Aid delivered to 60% of India as millions struggle for food amid pandemic
A national lockdown risks heaping further hardship on the quarter of India who live below the poverty line and the 1.8 million who are homeless.
Around 800 million people in India have started receiving aid to curb the impact of the coronavirus pandemic in the country.
India’s finance ministry announced a 1.7 trillion rupee (£18.44 billion) economic stimulus package that will include delivering monthly grains and lentil rations to 60% of people in the world’s second-most populous country.
An unprecedented order keeping India’s 1.3 billion people at home for all but essential trips to places like supermarkets or pharmacies is meant to keep virus cases from surging and overwhelming an already strained healthcare system.
Yet the measures that went into effect on Wednesday — the largest of their kind in the world — risk heaping further hardship on the quarter of the population who live below the poverty line and the 1.8 million who are homeless.
Rickshaw drivers, travelling produce sellers, maids, day labourers and other informal workers form the backbone of the Indian economy, comprising around 85% of all employment, according to official data. Many of them buy food with the money they make each day, and have no savings to fall back on.
Untold numbers of them are now out of work and many families have been left struggling to eat.
In the northeastern state of Assam, police started handing out rice in some of the poorest districts, an informal effort they said they hope to ramp up in coming days.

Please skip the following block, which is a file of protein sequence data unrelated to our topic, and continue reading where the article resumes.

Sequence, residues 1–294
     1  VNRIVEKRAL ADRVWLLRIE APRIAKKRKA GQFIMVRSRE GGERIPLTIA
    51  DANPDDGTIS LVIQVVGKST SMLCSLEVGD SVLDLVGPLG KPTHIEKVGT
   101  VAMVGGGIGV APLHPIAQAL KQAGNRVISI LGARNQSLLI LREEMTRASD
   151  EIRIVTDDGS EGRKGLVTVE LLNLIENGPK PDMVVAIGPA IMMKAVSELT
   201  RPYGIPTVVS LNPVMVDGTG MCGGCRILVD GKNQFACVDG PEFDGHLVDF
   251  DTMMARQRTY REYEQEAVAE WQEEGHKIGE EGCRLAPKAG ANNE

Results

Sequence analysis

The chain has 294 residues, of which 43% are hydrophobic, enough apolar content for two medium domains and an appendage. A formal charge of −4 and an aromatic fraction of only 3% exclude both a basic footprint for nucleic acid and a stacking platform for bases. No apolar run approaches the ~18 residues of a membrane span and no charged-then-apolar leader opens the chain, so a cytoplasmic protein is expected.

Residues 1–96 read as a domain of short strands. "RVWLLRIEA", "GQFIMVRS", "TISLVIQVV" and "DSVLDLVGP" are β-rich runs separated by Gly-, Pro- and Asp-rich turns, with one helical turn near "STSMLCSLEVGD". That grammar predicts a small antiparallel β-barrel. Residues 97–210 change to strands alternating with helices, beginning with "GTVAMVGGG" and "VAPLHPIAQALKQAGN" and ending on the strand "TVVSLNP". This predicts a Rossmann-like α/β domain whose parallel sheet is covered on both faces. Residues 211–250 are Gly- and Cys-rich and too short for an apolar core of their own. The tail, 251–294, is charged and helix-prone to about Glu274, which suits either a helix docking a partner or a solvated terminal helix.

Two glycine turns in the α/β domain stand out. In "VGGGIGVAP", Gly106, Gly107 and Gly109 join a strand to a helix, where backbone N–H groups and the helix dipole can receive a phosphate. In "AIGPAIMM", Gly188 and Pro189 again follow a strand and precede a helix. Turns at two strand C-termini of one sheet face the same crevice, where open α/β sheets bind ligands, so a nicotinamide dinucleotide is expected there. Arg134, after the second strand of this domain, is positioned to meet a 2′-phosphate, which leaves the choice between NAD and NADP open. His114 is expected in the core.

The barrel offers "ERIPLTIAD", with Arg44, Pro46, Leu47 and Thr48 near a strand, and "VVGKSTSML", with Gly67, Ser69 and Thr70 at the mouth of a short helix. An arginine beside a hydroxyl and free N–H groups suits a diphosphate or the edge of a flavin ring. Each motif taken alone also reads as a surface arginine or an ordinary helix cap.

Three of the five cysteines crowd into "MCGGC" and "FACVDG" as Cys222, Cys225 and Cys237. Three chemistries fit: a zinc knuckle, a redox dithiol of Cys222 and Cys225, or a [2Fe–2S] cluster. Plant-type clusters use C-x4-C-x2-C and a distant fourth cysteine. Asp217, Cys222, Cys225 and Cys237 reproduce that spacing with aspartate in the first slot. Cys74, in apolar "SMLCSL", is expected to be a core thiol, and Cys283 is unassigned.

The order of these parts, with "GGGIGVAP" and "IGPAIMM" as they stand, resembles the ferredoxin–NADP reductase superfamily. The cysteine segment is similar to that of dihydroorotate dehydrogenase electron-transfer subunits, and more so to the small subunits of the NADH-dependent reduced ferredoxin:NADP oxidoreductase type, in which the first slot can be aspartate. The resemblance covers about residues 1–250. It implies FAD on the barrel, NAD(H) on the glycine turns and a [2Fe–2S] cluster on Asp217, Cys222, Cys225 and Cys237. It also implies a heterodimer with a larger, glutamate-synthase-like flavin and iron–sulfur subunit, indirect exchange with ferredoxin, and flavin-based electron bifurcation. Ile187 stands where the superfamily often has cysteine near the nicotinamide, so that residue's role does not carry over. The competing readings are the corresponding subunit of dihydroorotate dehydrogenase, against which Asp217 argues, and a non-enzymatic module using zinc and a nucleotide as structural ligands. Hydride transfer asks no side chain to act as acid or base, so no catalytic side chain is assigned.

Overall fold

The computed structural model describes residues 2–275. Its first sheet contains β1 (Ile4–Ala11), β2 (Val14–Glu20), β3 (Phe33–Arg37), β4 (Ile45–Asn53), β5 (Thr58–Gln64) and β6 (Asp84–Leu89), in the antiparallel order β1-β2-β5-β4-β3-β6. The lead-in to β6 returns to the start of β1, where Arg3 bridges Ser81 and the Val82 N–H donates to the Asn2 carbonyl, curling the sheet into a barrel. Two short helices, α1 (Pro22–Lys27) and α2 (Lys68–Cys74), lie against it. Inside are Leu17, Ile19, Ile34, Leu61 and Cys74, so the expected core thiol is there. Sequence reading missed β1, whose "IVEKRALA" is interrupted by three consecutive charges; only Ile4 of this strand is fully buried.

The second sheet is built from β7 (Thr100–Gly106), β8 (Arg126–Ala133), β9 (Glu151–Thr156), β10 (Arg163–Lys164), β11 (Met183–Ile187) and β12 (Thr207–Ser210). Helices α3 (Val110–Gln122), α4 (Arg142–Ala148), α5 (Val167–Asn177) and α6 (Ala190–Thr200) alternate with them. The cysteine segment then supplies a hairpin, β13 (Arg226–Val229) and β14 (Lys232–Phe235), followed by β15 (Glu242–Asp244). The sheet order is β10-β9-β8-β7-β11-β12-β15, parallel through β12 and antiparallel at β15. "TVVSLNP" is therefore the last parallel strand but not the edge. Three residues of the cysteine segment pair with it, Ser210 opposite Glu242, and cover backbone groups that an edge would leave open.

In India’s most populous state, Uttar Pradesh, the government already sent 1,000 rupees (£11) to 2 million informal workers who are registered in a government database and have bank accounts. It was handing out free food rations to those who are not registered, though some in the state capital, Lucknow, said they were not aware of such handouts.
In New Delhi, authorities teamed up with local charities and aid groups to map out locations where the city’s poor tend to congregate, distributing 500 hot meals cooked in government schools, political party headquarters and shelter kitchens.
“These are extraordinary times and proving food to the poor is a mammoth task,” said Vinay K Stephen, who runs a nonprofit group working with the government to feed the capital’s homeless. “But we will do it.”
Economists had urged the government to create a stimulus package to blunt the effects of the lockdown on the poor, many of whom migrated to big cities for work and now find themselves unable to earn a living or go home to their villages after Indian Railways suspended all passenger service for the first time in its 150 years of operating.
The £18 billion package announced, which includes distributing five kilograms of grains and one kilogram of lentil beans every month from government stocks to 800 million people, is in addition to an earlier pledge of £1.67 billion to bolster the healthcare system.
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